First drive: Porsche Cayenne
It may look like a big chunky off-roader, but most owners of the first generation Porsche Cayenne used it to tackle nothing more challenging than urban speed bumps. For the second generation, Porsche has caved in and dropped some of the off-road pretence, billing this as a purely sporty SUV.
This means the ungainly looks of the original have been toned down in favour of a sleeker, more pointed style. The result is undeniably Porsche, with 911 design traits obvious all over the big car.
The front has been sharpened up, and the snub nose has been dropped but the best changes come at the rear, with the previously utilitarian tail now sculpted in a more flowing manner.
On the road, the Cayenne feels much more at home, although it suffers from a firm and sometimes bumpy ride in even the 'Comfort' setting. You also get 'Normal' and 'Sport' mode, but these don't affect the comfort drastically, doing more to improve responsiveness and handling. Every one of the S, Turbo and Hybrid options are rapid, with all three getting to 62mph in 6.5 seconds or under. The Turbo is naturally the quickest at just 4.7 seconds and it feels gloriously powerful at almost every level of the rev range. It uses the same 4.8-litre engine as the S, and should keep going to 172mph. Not only is it fantastically responsive, it sounds brilliant too.
Fuel economy is not great on the Turbo at 24.6mpg, or the S at 26.9mpg for that matter, but it is kept in check by the smoothest stop-start system we have ever experienced. It took a good while for us to notice it was even cutting out, such was the speed and smoothness of the system. Shedding 180kg has also helped the new Cayenne improve its economy by up to 20 percent on most models.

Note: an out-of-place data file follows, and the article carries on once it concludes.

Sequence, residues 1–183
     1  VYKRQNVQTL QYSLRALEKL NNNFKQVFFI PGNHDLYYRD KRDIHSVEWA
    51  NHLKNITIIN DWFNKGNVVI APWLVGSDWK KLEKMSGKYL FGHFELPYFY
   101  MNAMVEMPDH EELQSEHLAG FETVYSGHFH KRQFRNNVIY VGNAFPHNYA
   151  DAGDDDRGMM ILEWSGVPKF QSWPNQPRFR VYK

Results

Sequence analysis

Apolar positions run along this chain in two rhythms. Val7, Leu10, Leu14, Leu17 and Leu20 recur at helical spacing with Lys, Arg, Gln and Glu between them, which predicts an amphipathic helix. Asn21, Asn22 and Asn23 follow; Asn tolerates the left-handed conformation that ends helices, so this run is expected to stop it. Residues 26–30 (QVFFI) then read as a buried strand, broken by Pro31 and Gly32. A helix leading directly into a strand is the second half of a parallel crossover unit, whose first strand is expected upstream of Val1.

But those who will want to save money on running costs and still get the performance benefits of a petrol engine will naturally be drawn towards the new Hybrid. Essentially the same as the Volkswagen Touareg's new hybrid system, it pairs a supercharged V6 engine with an electric motor.
It is certainly still quick, but the power isn't instantaneous in arrival, occasionally taking a moment or so for the engine to respond to the accelerator. The link between the electric motor and the petrol engine is fantastically smooth though, and the switch between the two is barely noticeable, at whatever speed.
In fact the engine can remain idle up to speeds of 40mph on the electric motor alone, which should owners achieve the claimed 34.4mpg fuel economy. As this is still lower than the diesel's claimed 38.2mpg, and the hybrid is set to cost around £5,000 more than its oil-burning equivalent, it may be hard to make the financial case for the hybrid. But for those who wish to evade London's congestion charge, and get the benefits of an efficient petrol engine, then there's a case to be made.